Could High Speed Rail Come to Washington?

Futurewise is serving on the Advisory Committee for the Ultra High-Speed Ground Transportation Study – a WSDOT effort to investigate  intercity passenger transportation system traveling at speeds of 250 mph or more between Vancouver, BC and Portland, OR (with several possible stops in between).  The committee includes a mix of local, state and international leadership, including legislators and representatives from the Governor’s office, and the office of the BC Premier, and will be meeting over the course of the next year to provide guidance and feedback.  While this concept has been around for at least a decade or more, the most recent effort was given new life by interest from the private sector, including Microsoft, who are participating in the study phase of the project funding.

Broad strokes on many of the study’s focus areas were presented at the first meeting in July – primarily by the WSP consulting team – including the corridor planning, ridership analysis, governance models, economic analysis and financing.  However, there was one important point that was not mentioned in the presentation – although it was highlighted by Seattle Chamber of Commerce CEO Marilyn Strickland and myself – which was the project’s equity and social justice considerations, particularly the impacts on jobs, housing and displacement.  There was a lot of discussion of project benefits, but almost no discussion of who benefits from the project.  The consultant team was careful to point out that the study being undertaken did not include a “local” analysis of housing or growth impacts – but that doesn’t mean that it couldn’t.  We are going to continue to push the team on both of these fronts.

For those interested in more information, the project website, and the previous Feasibility Study can be found here.

Interesting that on the same day as this meeting, the New York Times published this piece on the California high speed rail boondoggle.

Could High Speed Rail Come to Washington?

Futurewise is serving on the Advisory Committee for the Ultra High-Speed Ground Transportation Study – a WSDOT effort to investigate  intercity passenger transportation system traveling at speeds of 250 mph or more between Vancouver, BC and Portland, OR (with several possible stops in between).  The committee includes a mix of local, state and international leadership, including legislators and representatives from the Governor’s office, and the office of the BC Premier, and will be meeting over the course of the next year to provide guidance and feedback.  While this concept has been around for at least a decade or more, the most recent effort was given new life by interest from the private sector, including Microsoft, who are participating in the study phase of the project funding.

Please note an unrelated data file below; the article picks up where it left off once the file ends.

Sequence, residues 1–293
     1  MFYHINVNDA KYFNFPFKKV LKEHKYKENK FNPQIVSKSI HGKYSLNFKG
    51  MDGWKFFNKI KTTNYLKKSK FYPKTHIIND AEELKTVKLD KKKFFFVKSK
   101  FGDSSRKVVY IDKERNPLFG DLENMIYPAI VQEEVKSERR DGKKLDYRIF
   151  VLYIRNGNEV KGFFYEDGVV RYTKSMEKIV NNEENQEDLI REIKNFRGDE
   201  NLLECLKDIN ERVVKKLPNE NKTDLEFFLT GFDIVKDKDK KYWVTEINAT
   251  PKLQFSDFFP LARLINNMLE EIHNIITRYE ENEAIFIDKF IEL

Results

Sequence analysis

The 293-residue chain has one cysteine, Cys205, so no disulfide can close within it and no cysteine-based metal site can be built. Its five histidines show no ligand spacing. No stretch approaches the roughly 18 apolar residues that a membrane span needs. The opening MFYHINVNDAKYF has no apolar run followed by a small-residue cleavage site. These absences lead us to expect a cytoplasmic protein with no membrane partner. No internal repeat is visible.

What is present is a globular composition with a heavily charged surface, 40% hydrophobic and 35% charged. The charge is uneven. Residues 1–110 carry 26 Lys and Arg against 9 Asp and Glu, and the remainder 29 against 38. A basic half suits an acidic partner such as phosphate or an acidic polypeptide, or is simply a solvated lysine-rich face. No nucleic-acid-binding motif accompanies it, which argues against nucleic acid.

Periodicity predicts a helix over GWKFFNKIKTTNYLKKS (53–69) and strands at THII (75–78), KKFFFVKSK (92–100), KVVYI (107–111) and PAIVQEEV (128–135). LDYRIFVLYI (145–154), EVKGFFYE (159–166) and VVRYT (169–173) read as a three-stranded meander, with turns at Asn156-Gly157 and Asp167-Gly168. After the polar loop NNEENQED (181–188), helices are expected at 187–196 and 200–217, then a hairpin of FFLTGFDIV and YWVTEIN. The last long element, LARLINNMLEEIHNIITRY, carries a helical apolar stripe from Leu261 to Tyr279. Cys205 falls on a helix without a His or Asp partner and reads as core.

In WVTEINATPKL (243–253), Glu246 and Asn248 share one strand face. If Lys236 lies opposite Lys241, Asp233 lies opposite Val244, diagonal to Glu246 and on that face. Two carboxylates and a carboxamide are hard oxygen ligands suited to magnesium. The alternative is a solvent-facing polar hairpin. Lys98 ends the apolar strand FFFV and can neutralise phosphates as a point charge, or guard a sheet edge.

Broad strokes on many of the study’s focus areas were presented at the first meeting in July – primarily by the WSP consulting team – including the corridor planning, ridership analysis, governance models, economic analysis and financing.  However, there was one important point that was not mentioned in the presentation – although it was highlighted by Seattle Chamber of Commerce CEO Marilyn Strickland and myself – which was the project’s equity and social justice considerations, particularly the impacts on jobs, housing and displacement.  There was a lot of discussion of project benefits, but almost no discussion of who benefits from the project.  The consultant team was careful to point out that the study being undertaken did not include a “local” analysis of housing or growth impacts – but that doesn’t mean that it couldn’t.  We are going to continue to push the team on both of these fronts.

For those interested in more information, the project website, and the previous Feasibility Study can be found here.

Interesting that on the same day as this meeting, the New York Times published this piece on the California high speed rail boondoggle.

Meet Brooke Frickleton, Deputy Legal Director!

  Futurewise is thrilled to welcome Brooke Frickleton to our team as our new Deputy Legal Director! Brooke will be working with our long-time staff attorney, Director of Planning & Law Tim Trohimovich, on the upcoming comprehensive plan updates. Tell … Continue reading

Kate Brunette
April 22, 2024

March 2024 Executive Director Note – The Seattle Comprehensive Plan Needs Your Help

I have a rule at Futurewise: don’t focus on Seattle. There are so many great places across the state where important planning decisions are being made. Many of those places and decisions get too little attention from the media and … Continue reading

Marcella Buser
April 1, 2024